'I'm Like A Beat Reporter'
Walter Rodgers: CNN
Army, 3rd Infantry, 7th Cavalry regiment
CNN's Walter Rodgers has covered wars in Lebanon, the Balkans and Afghanistan, among others, and says this conflict is a fantastic war corespondent's story. "We see every battle plan. We listen to the radio transmissions." In turn, "The [military] trusts us not to break the rules and blow their cover."
"I have done the Marines, the Air Force and the Navy in previous wars," Rodgers said. For this war, "I thought I'd like to do the Army."
In the field, "I'm like a beat reporter. I have my contacts, I talk to the soldiers, I get information. I'm like someone covering a state legislature." Except that Rodgers is deep into Iraqi territory.
The field commander, he said, "has never once said to us, 'Don't use any of that.' He's asked us to hold it for a bit to protect the troops.
Rodgers said: "These are austere and harsh conditions. It's the worst during a sandstorm and incoming artillery fire. Some nights, you don't even have time to break out your sleeping bag. Last night, I slept in a haystack next to a sorry excuse for a barn. I burrowed into the hay because I had to be able to move quickly, in case we had to evacuate."
Still, he admits, "It's really been fun. There is nothing more miserable than a reporter without a story. And there is nothing better than being a journalist with a great story. I would even like to go back to Fort Stewart for their welcome home parade."
In Danger and Tired
Jim Axelrod: CBS News
Army, 3rd Infantry Division, 1st Brigade
Deep inside Iraq with the advancing U.S. Army, CBS's Jim Axelrod says embedding is "working out wonderfully."
"I wish I could do every story this way. It sure beats the five hour rush to air."
After two weeks with the troops, "The more you hang out with them, eat with them, the more you're going to find out interesting human interest stories and learn a lot about the military," Axelrod said. "The glue of journalism is personal relationships."
He has few complaints about access. "We went to the front lines with the commander today.He took us as close as we could have possibly gone." Axelrod admitted it was almost suicidal. He was so close to getting himself killed, he said, "Some people will think I've drank the Kool Aid," referring to the Guyana mass suicides of 1978.
Without radio or television, "We call the news desk regularly .... and manage to stay abreast," he said. "I'm just focusing on my little slice of the story."
But sleepless for five days, a fatigued Axelrod admits, "The conflict itself is very dangerous and I can't imagine the living conditions being any more difficult."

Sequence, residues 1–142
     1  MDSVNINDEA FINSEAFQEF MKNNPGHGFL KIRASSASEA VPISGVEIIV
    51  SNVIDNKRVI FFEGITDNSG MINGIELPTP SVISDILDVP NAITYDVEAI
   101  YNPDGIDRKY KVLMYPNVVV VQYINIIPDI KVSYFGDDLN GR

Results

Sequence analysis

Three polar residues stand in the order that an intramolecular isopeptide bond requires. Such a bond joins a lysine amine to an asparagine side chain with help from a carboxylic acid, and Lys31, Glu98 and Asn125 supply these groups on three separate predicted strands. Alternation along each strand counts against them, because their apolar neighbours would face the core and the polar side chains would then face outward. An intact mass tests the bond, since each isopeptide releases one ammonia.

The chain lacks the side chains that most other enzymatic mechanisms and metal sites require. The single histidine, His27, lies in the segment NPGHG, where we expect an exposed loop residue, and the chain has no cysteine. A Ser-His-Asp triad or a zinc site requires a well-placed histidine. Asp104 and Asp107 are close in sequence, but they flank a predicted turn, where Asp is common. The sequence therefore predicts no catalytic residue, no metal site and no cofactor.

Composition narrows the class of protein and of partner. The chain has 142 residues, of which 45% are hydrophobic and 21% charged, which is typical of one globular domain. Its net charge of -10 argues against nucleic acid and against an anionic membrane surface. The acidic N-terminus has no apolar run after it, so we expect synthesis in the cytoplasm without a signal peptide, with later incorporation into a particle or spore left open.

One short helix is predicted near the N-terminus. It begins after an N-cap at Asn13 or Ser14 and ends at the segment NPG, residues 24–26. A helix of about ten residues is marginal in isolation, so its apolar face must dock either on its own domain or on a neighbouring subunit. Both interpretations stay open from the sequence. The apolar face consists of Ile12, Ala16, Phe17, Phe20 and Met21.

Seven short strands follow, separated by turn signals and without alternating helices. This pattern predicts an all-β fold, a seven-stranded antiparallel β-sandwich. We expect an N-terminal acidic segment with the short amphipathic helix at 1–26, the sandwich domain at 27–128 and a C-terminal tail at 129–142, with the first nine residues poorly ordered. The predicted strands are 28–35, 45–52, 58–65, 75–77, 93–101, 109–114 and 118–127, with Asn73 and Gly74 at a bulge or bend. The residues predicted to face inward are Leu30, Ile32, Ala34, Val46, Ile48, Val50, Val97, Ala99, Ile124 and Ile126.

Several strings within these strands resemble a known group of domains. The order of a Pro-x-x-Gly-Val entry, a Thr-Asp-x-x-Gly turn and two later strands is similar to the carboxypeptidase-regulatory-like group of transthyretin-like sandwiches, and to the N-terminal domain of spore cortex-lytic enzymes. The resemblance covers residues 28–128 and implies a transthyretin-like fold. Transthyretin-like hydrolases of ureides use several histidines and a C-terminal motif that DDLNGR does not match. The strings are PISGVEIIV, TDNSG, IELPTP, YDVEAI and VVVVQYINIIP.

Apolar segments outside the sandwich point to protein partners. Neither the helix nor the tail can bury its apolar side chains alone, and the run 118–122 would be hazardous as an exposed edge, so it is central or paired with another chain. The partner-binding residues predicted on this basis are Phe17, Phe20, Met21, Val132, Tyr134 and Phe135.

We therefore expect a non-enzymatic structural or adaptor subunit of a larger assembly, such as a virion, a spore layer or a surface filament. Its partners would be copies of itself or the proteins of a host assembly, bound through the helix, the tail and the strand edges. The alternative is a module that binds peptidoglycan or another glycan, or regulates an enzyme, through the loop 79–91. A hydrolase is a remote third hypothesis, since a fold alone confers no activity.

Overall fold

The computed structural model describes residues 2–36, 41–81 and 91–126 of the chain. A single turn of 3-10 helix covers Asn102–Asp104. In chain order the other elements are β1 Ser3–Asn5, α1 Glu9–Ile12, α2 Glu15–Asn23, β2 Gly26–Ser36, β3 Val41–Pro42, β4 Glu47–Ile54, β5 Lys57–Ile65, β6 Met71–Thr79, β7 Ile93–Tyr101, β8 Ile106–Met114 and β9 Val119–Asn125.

Knowing Troops Matters
Greg Kelly: Fox News Channel
Army, 3rd Infantry Division
A former Marine jet pilot, Fox News Channel's Greg Kelly is now on the front lines as a reporter. Embedding, Kelly said, presents dilemmas, "As a journalist, you get news, you go with it ... But these are unique circumstances."
After getting to know his unit, "There is a link and that relationship makes our job easier. They trust us with information and not to release details that would compromise their security."
As for Pentagon restrictions: "They haven't imposed blackouts, but there are guidleines, like we can't talk about where we are going or where we have been. It's all related to operational security."
But even with those limits, he's had remarkable access. "We are allowed to report what we see, and so far we've done that," like showing live images of Iraqi POWs. But "brutal images may or not be close to us," as the war progresses, Kelly said. "It's the call of the editors in New York what they show or don't show."
In the "vicious sandstorms," Kelly has been hampered a bit because "I brought a flashlight that doesn't have a clip, so I keep losing it."
'A Duty to Report'
David Bloom: NBC News/MSNBC
Army, 3rd Infantry Division
Far from the weekend Today
show he usually anchors, NBC's David Bloom wants to put faces with the front line troops. "There has been a lack of stories about the front line soldiers and what their experiences have been like," Bloom said.
"Especially when you see the valor and the bravery and the pride these guys take, you can't help but be impressed." Yet, "You're still a journalist. They still make mistakes. They might engage in poor strategic decisions—all of which you have a duty to report."
"You're not here to say rah-rah troops. I'm here to say, 'Here is what your American troops are doing.' "
Bloom said besides his location, he can report with nearly carte blanche. "I'm not saying precisely where we are. When we travel through terrain that by topography was very obvious and would have revealed the route we were taking, we were careful. We either did a tight shot on me or did not go live at those moments."
For the soldiers in his division, "Our presence says people back home care. We're trying to tell their stories."
"We have everything we need," Bloom said. "I would just like a steak, a beer and a hot shower."